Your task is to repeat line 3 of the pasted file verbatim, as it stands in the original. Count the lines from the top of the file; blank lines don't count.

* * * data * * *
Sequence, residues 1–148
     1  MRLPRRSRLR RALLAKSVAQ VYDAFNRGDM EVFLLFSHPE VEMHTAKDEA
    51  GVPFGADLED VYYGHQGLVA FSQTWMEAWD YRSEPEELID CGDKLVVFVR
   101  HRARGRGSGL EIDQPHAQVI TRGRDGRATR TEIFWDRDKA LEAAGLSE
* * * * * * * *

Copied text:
    51  GVPFGADLED VYYGHQGLVA FSQTWMEAWD YRSEPEELID CGDKLVVFVR